Published by: Old Stone Press, 2017
Paperback: 230 pages
Dimensions: 5.5 x 0.52 x 8.5 inches
AN ORGANIZED PANIC sets sister against brother, born secular humanist against later-in-life evangelical Christian. The sibling squabble underscores a serious struggle, certainly, but this is another tale told in the darkly humorous Friedmann voice--and set in the New Orleans only a native would know. The manuscript took second place in the Faulkner-Wisdom competition in late 2012 and could be her best storytelling yet. Friedman will challenge you to think about our own belief system as she "....opens our conversation on the sympathetic atheist narrator."
Ronald Price runs a lucrative crime-scene cleaning operation called JesusCleanup. His sister, narrator Cesca Price, is baffled: they grew up in a thoroughly secular household. When Cesca and her mother Trisha have Thanksgiving dinner at Ronald's house, a meal marked by praises to Jesus and recipes loaded with sodium from canned soups, mother Trisha has a stroke, and Cesca embarks on struggles with her brother. Cesca is a painter of national repute, and in the coming weeks she has to juggle responsibility for her mother, a coming show at the Getty, and an interview with PBS host Tevor Souriante —plus a nascent friendship with her mother's doctor Michael Rosenthal. When Trisha dies, Ronald wants to use his half of the estate to buy a huge empty church to start a ministry. Is Ronald a charlatan, which means he is a crook but at least a man of reason—or is he a good Christian but no longer the man of reason who grew up with Cesca? Either way, she says no. So Ronald sues her—unsuccessfully—to remove her as executrix. Two days later she does her interview with Tevor Souriante, still fuming about her brother, not knowing the camera is rolling. Bolstered by her romance with Michael, Cesca finally realizes that Ronald prizes money above all else. In the end, Ronald and Cesca will have to face each other down in court, and each will have to try to prove the other is not above board. Has Cesca libeled Ronald and ruined his livelihood and thus owes him millions? Or is Cesca right, that he dupes innocent people, and it's okay to make it public? That resolved, what will the Price family be without Trisha?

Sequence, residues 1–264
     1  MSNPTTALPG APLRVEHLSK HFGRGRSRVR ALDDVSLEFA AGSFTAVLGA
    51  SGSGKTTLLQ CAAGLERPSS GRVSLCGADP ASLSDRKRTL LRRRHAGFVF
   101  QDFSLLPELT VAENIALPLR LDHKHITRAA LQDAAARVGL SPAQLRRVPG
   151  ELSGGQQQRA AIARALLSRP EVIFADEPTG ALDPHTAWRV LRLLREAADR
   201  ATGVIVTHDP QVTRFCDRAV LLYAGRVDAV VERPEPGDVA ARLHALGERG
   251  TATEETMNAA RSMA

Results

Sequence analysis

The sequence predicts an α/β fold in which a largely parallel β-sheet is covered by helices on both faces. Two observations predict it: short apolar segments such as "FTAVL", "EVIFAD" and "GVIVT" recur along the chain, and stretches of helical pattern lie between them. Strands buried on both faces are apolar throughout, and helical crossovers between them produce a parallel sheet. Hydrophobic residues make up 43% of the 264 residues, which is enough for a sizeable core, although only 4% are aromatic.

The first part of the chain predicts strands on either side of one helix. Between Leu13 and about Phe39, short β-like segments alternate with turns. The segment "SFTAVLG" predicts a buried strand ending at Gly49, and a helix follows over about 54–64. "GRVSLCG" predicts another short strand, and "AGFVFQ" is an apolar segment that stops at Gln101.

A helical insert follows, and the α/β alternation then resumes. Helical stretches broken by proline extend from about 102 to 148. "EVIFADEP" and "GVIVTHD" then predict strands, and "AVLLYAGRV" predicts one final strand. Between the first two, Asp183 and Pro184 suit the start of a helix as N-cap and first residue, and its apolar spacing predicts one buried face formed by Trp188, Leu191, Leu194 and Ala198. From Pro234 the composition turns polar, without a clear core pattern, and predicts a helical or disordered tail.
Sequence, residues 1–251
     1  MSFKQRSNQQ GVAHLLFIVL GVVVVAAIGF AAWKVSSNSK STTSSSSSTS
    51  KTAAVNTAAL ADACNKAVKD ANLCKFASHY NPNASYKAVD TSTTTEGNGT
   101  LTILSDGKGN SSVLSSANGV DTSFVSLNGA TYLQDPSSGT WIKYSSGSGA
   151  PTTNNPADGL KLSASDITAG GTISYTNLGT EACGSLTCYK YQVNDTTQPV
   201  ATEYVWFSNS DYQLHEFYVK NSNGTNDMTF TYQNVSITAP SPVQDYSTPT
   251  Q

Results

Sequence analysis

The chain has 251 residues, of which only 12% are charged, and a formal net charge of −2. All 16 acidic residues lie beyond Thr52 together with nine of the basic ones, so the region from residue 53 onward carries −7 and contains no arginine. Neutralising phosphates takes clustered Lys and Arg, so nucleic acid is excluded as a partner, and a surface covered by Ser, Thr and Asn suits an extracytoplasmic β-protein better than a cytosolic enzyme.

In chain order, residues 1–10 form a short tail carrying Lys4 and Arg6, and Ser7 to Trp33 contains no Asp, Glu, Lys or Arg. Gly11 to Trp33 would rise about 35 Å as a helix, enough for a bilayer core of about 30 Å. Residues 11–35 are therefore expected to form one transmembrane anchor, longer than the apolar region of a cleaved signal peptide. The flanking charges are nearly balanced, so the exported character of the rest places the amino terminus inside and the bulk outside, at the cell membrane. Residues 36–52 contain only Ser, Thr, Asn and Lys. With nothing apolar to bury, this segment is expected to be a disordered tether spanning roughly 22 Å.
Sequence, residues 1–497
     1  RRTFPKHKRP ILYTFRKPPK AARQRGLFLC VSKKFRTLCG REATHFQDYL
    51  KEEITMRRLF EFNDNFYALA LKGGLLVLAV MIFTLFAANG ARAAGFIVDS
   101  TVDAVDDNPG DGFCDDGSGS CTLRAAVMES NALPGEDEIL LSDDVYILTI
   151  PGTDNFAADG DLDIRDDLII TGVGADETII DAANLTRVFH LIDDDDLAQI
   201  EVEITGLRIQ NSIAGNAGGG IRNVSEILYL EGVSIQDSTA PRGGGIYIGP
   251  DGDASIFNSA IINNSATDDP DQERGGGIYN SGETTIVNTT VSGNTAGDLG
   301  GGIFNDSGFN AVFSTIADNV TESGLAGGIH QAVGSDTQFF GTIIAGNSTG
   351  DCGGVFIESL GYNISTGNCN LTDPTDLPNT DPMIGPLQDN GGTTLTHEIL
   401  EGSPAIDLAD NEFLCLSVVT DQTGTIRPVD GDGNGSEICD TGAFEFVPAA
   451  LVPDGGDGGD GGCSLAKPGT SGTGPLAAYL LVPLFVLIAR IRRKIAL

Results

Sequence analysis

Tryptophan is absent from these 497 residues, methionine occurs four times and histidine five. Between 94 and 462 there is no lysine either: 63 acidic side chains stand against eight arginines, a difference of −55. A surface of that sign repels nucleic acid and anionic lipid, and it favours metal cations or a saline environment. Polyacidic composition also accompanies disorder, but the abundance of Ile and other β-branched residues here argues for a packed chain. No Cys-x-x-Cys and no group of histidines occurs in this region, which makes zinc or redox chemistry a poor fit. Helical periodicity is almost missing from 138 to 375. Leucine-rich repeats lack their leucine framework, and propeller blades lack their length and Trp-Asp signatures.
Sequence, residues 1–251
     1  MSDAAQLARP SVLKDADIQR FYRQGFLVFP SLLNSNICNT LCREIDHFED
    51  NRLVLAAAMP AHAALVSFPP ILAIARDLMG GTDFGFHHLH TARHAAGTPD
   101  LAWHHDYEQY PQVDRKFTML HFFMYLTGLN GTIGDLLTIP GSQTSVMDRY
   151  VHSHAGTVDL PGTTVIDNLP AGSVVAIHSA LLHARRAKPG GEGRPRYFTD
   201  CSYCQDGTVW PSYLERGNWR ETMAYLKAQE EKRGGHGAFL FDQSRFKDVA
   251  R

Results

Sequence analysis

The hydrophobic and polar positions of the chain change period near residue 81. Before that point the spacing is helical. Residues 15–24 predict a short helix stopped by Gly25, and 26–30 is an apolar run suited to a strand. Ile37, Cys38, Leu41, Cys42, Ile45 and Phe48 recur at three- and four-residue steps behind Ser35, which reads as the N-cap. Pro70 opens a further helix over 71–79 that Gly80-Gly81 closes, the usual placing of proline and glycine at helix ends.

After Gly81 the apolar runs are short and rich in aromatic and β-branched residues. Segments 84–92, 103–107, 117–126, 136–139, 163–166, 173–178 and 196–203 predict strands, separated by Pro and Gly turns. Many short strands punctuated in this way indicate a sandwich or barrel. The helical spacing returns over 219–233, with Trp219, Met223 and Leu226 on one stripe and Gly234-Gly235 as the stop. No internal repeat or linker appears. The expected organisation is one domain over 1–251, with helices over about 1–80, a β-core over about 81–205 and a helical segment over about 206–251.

ABOUT THE AUTHOR